Constabulary while recovering from both the panda car crash and the
petrol station fall.
Crash: A Norfolk Police patrol car like the one which was involved in a crash while WPC Kelly Jones, 33, was inside
Accident scene: The petrol station in Thetford, Norfolk, where WPC Kelly Jones tripped on the kerb while responding to a 999 call and is now suing the owner
Police regulations ensure an officer receives up to six months on full pay followed by six months on half pay in any given 12-month period during which sick leave is taken.
How the MoS broke the story: The Mail on Sunday led the way on this issue a week ago with its front-page exclusive on WPC Jones, pictured right, which provoked a huge amount of controversy and intense public debate. More than 1,500 readers posted comments on the MailOnline, nearly all of them scathing about her decision to sue the garage owner.
It is only after a year on sick leave that a police officer will face an empty pay packet.
It is understood WPC Jones is on planned sick leave following remedial surgery to the knee she damaged in the car accident.
She is due back on active duty soon and is in close contact with the chief inspector, who is managing her return to uniform.
Norfolk Constabulary cannot discipline her for her legal action against Mr Jones – which was taken without their knowledge – or force her to abandon it. Deputy Chief Constable Simon Bailey said: ‘Norfolk Constabulary has no involvement in or control over private legal proceedings brought by police officers against third parties. We recognise this particular case has generated a great deal of public concern and we ourselves have received a large amount of correspondence.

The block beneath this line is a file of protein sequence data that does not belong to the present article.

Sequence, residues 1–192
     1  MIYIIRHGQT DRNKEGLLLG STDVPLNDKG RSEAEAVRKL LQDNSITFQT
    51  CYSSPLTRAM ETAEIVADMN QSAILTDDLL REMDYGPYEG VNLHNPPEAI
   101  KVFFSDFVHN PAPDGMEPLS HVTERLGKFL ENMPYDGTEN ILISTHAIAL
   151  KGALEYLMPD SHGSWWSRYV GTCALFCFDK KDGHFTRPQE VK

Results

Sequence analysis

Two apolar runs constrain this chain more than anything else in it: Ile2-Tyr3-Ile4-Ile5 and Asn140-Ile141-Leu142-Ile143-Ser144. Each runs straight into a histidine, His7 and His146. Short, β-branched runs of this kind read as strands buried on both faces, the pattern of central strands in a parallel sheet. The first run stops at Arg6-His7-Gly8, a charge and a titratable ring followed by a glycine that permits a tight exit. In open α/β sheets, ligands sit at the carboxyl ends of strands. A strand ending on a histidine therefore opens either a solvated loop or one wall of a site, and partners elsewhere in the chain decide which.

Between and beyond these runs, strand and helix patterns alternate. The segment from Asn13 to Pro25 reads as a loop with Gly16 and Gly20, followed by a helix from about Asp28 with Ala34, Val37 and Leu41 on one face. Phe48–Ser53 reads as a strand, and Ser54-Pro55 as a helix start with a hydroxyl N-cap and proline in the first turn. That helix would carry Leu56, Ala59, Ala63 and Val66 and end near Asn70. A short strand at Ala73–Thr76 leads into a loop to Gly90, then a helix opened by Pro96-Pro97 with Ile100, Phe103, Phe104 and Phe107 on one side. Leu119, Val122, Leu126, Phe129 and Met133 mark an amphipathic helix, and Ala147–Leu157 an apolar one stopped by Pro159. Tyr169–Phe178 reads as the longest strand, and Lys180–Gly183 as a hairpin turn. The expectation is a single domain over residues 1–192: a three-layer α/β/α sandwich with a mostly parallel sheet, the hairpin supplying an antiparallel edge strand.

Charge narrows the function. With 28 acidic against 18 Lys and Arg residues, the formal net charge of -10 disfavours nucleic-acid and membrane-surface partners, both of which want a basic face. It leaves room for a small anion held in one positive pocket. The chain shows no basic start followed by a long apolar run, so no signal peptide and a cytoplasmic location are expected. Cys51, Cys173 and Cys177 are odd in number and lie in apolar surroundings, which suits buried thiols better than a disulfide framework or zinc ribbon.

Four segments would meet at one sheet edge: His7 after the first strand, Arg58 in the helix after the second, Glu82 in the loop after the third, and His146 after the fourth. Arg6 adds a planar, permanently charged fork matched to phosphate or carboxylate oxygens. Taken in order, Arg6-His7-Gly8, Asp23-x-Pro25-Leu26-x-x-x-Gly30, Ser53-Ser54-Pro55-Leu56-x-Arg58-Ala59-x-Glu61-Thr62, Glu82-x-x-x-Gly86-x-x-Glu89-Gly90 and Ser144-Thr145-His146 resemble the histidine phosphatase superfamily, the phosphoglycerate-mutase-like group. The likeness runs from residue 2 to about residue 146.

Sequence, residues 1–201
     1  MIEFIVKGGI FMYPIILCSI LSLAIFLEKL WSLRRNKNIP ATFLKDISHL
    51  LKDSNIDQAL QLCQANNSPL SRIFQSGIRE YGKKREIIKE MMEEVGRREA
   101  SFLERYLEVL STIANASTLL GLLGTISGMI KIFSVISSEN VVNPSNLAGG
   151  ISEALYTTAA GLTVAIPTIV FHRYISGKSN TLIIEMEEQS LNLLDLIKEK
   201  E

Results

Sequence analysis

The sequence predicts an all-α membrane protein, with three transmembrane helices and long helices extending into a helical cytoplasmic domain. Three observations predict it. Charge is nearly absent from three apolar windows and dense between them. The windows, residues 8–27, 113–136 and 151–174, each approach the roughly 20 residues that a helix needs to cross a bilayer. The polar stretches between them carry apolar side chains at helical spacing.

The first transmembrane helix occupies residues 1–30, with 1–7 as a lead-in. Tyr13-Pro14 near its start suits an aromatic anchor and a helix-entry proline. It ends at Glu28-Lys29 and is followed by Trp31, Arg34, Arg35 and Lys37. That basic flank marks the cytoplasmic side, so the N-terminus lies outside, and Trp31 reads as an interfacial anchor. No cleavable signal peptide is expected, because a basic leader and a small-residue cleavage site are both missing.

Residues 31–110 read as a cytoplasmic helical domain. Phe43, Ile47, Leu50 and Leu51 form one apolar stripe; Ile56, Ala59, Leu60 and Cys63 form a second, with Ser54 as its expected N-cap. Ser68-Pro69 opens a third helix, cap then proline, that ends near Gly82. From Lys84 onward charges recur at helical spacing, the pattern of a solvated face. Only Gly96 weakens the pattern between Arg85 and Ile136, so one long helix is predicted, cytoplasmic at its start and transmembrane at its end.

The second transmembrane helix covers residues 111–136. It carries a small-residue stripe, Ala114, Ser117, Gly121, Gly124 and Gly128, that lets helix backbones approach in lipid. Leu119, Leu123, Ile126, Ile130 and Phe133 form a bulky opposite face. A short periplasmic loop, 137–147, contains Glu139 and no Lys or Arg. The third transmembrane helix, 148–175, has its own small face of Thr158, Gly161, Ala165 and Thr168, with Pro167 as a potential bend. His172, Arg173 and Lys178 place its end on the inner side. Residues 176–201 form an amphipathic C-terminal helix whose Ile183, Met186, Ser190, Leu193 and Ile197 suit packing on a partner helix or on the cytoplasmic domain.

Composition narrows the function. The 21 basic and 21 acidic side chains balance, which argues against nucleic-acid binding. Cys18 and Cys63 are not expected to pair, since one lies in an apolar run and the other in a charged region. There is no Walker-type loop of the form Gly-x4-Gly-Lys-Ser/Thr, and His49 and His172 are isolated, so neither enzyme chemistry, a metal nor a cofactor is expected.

‘It is clear that the incident has started a broader debate about the “compensation culture” which exists in all walks of life. The vast majority of officers are proud of what they do and would never consider making a compensation claim against a victim of crime.’
Norfolk Police and Crime Commissioner Stephen Bett, who visited Mr Jones at his Nuns’ Bridges service station in Thetford last week, yesterday called for WPC Jones to drop her ‘misguided and absurd’ lawsuit against the businessman – although he said there was ‘no comparison’ between that claim and the one resulting from the car crash.
He added: ‘It is abundantly clear that any system in place that allows – or indeed encourages – police officers, seemingly without checks and balances, to launch claims against victims of crime backed by their staff association, needs urgent review. Most police officers accept a degree of personal responsibility when they are doing their job – including looking where they are going.’
Pain and a damaged ego are part of the job – if you can't take a joke, you shouldn't have joined
COMMENT by BRIAN PADDICK Former Deputy Met Assistant Commissioner
Analysis: Brian Paddick, Former Deputy Met Assistant Commissioner
The news that a police officer is suing someone who called for help will be met with astonishment among members of the public and incredulity among many of her fellow officers, particularly those of my vintage.
An increasing number of people are reluctant to call for assistance because they do not believe the police will be able to do anything. Now they could also be concerned that the officers might end up suing them. How did we get to this desperate state of affairs